STRATFORD, ON: The Stratford Festival and Intermission Magazine have partnered to launch a development lab for Canadian-resident theatre critics who are Indigenous, Black, or people of color. Inspired by the BIPOC Critics Lab founded by Jose Solís in the U.S., the IBPOC Critics Lab will offer a group of emerging theatre critics a seven-week curriculum taught by industry leaders, as well as guest lectures from IBPOC Canadian arts writers, and will include a residency at the Stratford Festival.
Solís will lead the Canadian Lab along with Karen Fricker, theatre critic for the Toronto Star and editorial advisor at Intermission Magazine. The Lab will be organized by Fricker and Ann Swerdfager, the Stratford Festival’s publicity director and a former journalist.
The first cohort of the IBPOC Critics Lab will convene this June and July. Participants will have access to a faculty of eight instructors and mentors ranging from established and widely read theatre critics to successful emerging arts writers with a deep understanding of the obstacles faced by newcomers to the business. The program is open to both those who have not yet written theatre criticism but wish to pursue it, and to those with some experience in the field who would like to expand their craft. Applications are now open and must be submitted by April 7.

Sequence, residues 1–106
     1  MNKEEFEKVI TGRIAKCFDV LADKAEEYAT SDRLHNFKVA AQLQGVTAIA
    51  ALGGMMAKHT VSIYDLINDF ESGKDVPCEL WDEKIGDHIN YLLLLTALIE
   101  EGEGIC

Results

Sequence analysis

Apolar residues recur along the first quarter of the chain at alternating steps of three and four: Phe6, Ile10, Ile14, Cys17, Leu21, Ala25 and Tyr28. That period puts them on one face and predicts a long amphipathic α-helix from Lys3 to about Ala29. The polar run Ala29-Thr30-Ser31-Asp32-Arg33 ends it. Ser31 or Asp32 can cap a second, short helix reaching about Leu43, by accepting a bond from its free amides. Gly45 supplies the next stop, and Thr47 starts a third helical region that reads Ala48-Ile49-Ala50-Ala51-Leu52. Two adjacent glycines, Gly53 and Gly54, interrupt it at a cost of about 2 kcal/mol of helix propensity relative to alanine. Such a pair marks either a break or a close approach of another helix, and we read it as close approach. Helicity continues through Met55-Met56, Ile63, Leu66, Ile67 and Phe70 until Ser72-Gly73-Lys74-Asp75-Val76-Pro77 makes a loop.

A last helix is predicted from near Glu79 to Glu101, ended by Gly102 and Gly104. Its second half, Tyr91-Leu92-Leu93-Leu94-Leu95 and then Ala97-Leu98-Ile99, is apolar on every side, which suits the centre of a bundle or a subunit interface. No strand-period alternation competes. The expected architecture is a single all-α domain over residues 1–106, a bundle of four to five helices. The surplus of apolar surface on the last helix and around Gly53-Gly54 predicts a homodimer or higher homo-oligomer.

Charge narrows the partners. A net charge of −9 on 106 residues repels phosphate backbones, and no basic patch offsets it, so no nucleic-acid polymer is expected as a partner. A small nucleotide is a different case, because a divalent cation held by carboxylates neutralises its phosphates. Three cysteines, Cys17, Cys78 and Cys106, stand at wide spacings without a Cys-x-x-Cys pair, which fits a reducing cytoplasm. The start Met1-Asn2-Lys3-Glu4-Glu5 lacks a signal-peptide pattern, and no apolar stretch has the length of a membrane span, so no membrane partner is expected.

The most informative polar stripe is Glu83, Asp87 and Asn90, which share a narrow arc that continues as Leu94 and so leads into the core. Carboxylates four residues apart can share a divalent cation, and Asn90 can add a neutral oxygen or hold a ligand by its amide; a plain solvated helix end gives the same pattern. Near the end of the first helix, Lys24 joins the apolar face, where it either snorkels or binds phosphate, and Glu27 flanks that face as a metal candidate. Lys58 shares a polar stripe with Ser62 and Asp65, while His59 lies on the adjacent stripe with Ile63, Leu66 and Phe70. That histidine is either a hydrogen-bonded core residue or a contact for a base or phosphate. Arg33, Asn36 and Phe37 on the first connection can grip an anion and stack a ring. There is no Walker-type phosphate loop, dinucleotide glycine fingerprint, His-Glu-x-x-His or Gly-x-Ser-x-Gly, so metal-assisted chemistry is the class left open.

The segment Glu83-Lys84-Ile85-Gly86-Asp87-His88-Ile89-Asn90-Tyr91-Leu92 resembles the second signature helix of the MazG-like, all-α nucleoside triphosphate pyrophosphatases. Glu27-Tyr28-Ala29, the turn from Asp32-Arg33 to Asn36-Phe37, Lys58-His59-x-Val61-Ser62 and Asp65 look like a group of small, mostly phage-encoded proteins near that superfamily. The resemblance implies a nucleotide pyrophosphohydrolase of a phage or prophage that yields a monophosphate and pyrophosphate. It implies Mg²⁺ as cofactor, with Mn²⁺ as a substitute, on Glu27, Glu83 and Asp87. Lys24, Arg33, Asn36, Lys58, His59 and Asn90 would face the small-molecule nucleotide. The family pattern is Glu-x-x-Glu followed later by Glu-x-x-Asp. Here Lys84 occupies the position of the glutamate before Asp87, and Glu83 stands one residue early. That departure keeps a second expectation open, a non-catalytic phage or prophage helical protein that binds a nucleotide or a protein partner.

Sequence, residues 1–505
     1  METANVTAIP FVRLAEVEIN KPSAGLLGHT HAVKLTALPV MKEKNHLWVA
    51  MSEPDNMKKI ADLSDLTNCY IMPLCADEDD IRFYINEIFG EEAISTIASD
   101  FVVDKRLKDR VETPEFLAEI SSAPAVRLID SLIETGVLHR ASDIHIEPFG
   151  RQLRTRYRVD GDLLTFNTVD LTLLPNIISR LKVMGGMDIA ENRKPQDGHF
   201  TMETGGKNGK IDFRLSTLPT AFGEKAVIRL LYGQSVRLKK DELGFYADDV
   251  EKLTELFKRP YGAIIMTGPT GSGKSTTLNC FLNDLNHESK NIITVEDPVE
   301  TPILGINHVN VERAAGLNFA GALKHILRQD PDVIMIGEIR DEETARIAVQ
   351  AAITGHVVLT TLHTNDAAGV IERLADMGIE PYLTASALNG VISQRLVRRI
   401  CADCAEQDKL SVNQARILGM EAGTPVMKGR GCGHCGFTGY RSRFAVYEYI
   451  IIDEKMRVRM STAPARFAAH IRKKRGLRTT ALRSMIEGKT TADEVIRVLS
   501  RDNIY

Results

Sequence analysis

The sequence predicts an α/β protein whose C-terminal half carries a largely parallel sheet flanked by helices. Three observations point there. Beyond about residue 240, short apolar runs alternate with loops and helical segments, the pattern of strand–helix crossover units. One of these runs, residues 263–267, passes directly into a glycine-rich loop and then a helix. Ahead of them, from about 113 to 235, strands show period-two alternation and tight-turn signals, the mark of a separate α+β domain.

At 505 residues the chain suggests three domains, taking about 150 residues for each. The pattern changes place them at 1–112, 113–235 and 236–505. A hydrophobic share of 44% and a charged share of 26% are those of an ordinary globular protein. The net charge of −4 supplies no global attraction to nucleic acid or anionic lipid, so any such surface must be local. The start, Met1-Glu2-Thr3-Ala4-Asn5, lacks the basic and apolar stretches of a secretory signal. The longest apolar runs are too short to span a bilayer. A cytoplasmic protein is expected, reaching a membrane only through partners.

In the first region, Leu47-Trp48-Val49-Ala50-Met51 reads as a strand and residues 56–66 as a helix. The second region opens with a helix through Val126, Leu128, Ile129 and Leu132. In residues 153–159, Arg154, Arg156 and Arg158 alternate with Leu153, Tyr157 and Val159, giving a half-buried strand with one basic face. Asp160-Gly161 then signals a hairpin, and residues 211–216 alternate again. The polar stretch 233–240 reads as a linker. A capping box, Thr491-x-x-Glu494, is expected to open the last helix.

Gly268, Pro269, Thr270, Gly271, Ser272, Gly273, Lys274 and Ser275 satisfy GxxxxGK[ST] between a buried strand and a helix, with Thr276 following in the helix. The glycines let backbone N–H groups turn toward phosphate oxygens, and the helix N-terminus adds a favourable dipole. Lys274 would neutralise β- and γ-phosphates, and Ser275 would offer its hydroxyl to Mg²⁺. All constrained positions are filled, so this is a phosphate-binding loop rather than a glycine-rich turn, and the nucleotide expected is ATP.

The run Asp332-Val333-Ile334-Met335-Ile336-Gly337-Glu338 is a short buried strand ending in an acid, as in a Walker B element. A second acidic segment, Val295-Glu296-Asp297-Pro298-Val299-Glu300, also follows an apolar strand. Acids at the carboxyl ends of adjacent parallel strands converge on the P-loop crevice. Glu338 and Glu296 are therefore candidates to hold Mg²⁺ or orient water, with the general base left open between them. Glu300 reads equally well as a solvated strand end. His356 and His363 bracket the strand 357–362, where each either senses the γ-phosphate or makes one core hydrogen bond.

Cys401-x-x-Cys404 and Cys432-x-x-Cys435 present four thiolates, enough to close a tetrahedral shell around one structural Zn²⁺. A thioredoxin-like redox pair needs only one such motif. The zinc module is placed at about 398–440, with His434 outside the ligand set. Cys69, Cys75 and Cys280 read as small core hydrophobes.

Participants will contribute to the creation of a custom program that fits their specific needs and encourages them to pursue the path of criticism that best serves them. Criticism will be approached through a multimedia lens, incorporating podcasting, audiovisual techniques, social media, and written work.
Participants and instructors will come together virtually throughout the late spring and early summer, attending and discussing community-based productions as well as filmed performances accessed via the Stratford Festival’s streaming platform, Stratfest@Home.
In early July, Solís will bring the cohort to Stratford for an in-person residency at the Stratford Festival, where they will attend several of this season’s productions. They will be able to gather together to discuss the shows and interact with artists and others at the Festival.
IBPOC Critics Lab participants will create two articles for Intermission and leave the program with those published pieces, as well as practical knowledge of editorial process, tools for decolonization, and a reminder to honor their individual voices.
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